(Check out the list so far)
The Movie: Star Wars: Return of the Jedi (1983)
One Sentence Plot Summary: A bad-ass feminist kills a fat capitalist with his own chains, and the rebels are able to successfully overcome the fascists only after accepting a non-normative native culture and using non-violent tactics.
Why It’s on the List: This is a movie that often gets derided for its usage of the Ewoks and the toning down of Han Solo. Vader is also shifted from a big bad to Emperor Palpatine’s lapdog While Jedi is certainly not near the level of its predecessors, there are some important moments worth discussing that put this onto the list.
I love that the main cast essentially goes on a side quest at the beginning to rescue Han Solo from Jabba the Hutt(We get to see Luke Skywalker’s maturity, Leia’s love for Han, and the ingenuity of the droids. Another reason this movie is critiqued happens because of Bobba Fett; Within the context of this trilogy, he means nothing.*
*Bobba Fett has to be the most overrated character in the history of fiction. Okay, that’s an exaggeration but he’s not nearly as interesting as people think he is other than having a cool costume.Another issue is Emperor Palpatine. Real talk: He sucks. He’s not interesting and just does a lot of cackling while talking nonsense. In the prequels, he’s mildly interesting because of the politics and going from a seemingly legitimate leader and manipulating his way into become a fascist. Here,his purpose is to be the impetus for Luke to finally break the cycle. Luke decides not to kill his father or the emperor, and his non-violence almost causes him to be lightinged to death…until his father then sacrifices himself by throwing Palpatine over the ledge and killing him forever. I don’t mind him for the purpose he serves here.
I love the editing of the final sequence and the way it raises the tension. The idea of splitting everyone up three ways is challenging, but the stakes feel important on Ednor, in space, and on the Death Star. Lando and Wedge even get to officially blow the Death Star, and that chase sequence is underrated, especially when the Millenium Falcon shoots out of the flames. I have always appreciated Luke throwing his saber away and eventually allowing his father to see him without his mask. Then there’s the ending. Everyone is happy and celebrating. A part of me wishes that this was it, that the last we’d see of Luke, Leia, Lando, Han, Chewie, and the Droids is the pure joy after finally defeating the Empire. While some movies have been good to even great, there’s always the tension about what Star Wars is. For me, this is a sacred text of filmmaking. I wouldn’t say it’s precious, but it’s impossible to separate my feelings about these movies compared to how I feel about film in general.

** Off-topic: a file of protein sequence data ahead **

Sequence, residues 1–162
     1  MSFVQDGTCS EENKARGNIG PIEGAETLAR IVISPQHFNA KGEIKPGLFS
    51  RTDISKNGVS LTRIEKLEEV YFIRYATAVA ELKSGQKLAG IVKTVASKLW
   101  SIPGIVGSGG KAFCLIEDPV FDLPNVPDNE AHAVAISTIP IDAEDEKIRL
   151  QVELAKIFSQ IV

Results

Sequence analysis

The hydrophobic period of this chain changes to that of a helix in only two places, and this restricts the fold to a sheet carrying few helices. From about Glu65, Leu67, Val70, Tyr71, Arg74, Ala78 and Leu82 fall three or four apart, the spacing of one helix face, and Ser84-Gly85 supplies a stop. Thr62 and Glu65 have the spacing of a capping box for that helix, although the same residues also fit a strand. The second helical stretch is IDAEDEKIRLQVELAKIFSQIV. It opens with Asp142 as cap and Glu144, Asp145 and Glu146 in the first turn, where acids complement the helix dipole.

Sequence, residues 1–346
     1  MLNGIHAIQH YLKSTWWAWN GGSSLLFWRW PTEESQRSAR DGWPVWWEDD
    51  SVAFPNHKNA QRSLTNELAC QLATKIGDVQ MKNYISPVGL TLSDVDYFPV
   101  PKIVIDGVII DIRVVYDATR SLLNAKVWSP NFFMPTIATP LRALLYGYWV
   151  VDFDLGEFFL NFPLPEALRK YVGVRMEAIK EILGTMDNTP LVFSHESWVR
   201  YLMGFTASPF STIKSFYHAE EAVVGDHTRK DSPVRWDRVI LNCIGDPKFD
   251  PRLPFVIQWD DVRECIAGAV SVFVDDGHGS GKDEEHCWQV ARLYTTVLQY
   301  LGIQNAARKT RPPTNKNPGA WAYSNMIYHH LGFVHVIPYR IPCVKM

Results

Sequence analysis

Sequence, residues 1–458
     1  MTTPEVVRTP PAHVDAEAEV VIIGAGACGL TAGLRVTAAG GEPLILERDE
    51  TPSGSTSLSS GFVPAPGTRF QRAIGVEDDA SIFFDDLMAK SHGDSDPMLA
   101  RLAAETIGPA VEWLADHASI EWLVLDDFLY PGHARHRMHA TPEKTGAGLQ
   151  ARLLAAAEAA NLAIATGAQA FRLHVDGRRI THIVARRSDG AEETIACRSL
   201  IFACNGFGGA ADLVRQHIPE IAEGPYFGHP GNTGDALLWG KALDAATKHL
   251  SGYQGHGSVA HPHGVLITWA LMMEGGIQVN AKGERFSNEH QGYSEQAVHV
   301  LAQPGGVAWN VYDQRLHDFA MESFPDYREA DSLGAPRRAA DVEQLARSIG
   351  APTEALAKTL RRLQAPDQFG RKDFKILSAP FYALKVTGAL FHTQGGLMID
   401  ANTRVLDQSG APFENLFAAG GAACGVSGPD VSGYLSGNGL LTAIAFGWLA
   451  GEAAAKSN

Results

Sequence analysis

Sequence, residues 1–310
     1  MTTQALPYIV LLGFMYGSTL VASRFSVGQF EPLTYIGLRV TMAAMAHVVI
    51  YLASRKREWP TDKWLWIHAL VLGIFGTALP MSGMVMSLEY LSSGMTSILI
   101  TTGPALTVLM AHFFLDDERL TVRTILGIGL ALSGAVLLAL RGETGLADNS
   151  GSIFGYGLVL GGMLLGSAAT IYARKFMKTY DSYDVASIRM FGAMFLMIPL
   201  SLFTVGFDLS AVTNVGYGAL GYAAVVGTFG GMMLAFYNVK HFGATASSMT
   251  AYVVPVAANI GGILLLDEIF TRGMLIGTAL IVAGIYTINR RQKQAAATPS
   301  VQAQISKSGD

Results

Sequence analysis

*The oogling of Leia is pretty gross at the beginning.
MVP: John Williams’s score isn’t any better or worse than in the previous films, but I’ve given George Lucas a lot of credit already, and it’s incredibly obvious Williams’s score has a huge impact on these films. Indeed, they’ve been used in the sequel trailers to get emotional reactions from people. Williams has a long list of memorable scores, and the fact he has two of the most iconic scores, the main theme and the Empire theme in one series of movies is incredible. That’s not to mention “Duel of the Fates,” used in the prequel trilogy. Williams deserves all the credit for elevating Star Wars into classic status.
Best Performance: Mark Hamill really grows into the role of Luke Skywalker; as in the first two movies he complains and whines his through a lot of scenes. A lot of that comes in the writing. This time, he’s the one with the moral high ground as he calls out Yoda and Obi-Wan for not telling him Vader was his father and then not killing him. Luke gets to be much more of an adult and leader within the main group. His performance improving in combination with the watering down of Han Solo are a major reason for Mark Hamill receiving this award.
Best Quote: “No, I’ll never turn to the dark side. You’ve failed your Highness. I’m a Jedi, like my father before me.” – Luke Skywalker
Is there a sequel? There is, but only one worth talking about on this list.
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